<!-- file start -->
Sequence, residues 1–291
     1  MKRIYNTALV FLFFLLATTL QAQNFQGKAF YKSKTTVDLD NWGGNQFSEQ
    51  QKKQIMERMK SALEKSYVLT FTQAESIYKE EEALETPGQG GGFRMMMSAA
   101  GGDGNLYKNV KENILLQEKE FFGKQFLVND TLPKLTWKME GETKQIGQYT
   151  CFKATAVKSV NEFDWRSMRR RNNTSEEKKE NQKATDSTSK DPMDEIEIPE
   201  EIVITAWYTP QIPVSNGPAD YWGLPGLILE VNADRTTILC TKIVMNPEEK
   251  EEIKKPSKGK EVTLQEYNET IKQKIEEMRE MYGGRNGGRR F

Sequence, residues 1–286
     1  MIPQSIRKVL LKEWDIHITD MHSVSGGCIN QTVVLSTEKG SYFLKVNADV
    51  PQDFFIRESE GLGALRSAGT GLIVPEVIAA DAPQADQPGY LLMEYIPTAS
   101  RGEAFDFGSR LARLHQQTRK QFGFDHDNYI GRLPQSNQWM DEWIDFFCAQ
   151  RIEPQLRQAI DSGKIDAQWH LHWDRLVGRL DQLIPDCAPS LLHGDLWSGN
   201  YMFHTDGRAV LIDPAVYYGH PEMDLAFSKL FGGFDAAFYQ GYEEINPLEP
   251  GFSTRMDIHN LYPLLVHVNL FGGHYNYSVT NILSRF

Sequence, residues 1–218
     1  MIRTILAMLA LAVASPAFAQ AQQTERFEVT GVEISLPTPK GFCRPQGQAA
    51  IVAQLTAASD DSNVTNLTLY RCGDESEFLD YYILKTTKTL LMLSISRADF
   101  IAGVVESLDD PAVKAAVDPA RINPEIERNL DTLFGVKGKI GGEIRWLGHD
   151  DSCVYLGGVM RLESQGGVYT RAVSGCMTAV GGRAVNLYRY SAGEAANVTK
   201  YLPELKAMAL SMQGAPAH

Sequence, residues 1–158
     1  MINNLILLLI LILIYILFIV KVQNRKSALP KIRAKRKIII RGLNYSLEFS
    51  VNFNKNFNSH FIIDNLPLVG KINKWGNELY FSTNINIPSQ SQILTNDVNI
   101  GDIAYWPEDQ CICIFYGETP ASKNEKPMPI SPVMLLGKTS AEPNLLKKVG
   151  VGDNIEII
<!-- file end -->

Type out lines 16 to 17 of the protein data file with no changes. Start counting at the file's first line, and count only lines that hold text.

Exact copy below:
     1  MIRTILAMLA LAVASPAFAQ AQQTERFEVT GVEISLPTPK GFCRPQGQAA
    51  IVAQLTAASD DSNVTNLTLY RCGDESEFLD YYILKTTKTL LMLSISRADF